Monday, June 05, 2006

'Maybe I'll go look for the next big thing'

It's August 2001. The "country club" magazine you ran has collapsed.

All the people who worked for you are staggering around like WTC employees after the first plane hit. Their lives are ruined, at least for the short term, maybe forever.

The San Francisco newspaper calls you. Most likely, it's a business reporter who was hoping to jump ship and start working for your luxury operation. Now he's glad he stayed put.

Nonetheless, he figures you'll slither back to prominence one way or another. Best not to cross you. Best to bury the voices of the ruined.

"His associates offer differing opinions of Battelle's role in the magazine's rise and fall," was all the S.F. Chronicle reporter could manage to report. The future, who knows where it goes?

But then Battelle is offered a chance to say something to his suddenly unemployed colleagues and underlings. He can take the humble path and tell all those people with worthless Industry Standard stock options and crushing house payments: I'm so sorry. From now on, I'll try to do something good. I'll spend the rest of my life working for those who were destroyed by atavistic railroad men like myself.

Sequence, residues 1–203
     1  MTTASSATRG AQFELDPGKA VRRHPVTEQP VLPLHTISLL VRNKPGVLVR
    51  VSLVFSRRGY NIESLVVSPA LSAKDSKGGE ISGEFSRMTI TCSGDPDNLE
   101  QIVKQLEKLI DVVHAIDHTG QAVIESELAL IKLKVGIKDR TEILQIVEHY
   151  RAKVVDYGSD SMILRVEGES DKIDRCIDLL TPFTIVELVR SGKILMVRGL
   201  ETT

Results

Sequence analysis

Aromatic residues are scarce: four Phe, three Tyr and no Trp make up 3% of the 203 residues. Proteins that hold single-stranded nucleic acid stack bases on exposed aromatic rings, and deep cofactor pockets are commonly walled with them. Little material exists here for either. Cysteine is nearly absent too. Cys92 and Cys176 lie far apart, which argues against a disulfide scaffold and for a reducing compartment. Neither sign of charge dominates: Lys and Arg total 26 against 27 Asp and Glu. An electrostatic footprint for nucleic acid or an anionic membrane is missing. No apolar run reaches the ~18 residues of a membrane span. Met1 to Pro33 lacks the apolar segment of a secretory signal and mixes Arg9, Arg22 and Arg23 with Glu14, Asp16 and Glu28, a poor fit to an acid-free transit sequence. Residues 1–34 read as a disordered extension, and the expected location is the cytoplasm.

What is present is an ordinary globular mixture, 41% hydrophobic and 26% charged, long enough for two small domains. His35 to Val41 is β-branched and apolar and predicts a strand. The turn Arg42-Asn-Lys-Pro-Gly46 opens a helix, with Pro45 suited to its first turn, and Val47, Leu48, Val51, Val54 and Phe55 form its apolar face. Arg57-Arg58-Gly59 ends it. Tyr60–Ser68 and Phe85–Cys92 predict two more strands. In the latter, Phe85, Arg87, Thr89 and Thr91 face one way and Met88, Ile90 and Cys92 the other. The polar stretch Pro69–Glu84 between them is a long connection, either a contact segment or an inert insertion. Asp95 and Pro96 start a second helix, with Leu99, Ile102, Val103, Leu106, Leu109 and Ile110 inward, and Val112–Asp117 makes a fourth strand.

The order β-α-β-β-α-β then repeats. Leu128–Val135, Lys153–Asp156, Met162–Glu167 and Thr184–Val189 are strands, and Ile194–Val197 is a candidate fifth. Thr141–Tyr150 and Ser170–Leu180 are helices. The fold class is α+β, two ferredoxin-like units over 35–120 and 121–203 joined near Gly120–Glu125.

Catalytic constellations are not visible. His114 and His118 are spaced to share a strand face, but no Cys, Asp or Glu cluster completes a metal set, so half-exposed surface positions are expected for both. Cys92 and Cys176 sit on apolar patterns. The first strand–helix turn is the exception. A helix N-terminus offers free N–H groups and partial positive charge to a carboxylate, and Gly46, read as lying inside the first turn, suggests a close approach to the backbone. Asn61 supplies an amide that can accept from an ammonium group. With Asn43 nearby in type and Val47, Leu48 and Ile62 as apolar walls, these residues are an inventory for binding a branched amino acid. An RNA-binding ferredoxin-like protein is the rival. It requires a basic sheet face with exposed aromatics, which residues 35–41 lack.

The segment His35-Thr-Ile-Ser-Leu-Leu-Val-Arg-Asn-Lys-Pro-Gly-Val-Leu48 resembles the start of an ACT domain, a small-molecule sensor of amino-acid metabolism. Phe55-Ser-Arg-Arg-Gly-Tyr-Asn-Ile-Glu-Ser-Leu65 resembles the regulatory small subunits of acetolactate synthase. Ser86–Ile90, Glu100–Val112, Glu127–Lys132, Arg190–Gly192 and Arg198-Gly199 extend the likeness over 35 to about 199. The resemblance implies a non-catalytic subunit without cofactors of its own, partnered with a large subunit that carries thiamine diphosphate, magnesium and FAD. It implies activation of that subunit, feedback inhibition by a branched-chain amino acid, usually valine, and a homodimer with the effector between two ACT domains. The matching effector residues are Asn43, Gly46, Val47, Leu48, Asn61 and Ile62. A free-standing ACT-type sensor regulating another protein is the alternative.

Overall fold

Did he? Of course not. And we shouldn't expect anything better. It's the old story of the frog giving the scorpion a piggy-back ride across the stream. ("You stung me!" cries the frog. The scorpion replies, "Well, you knew I was a scorpion when you gave me the ride.")

So the reporter asks Battelle about "long-term plans."

Young Mr. Battelle replies, "Maybe I'll go look for the next big thing."

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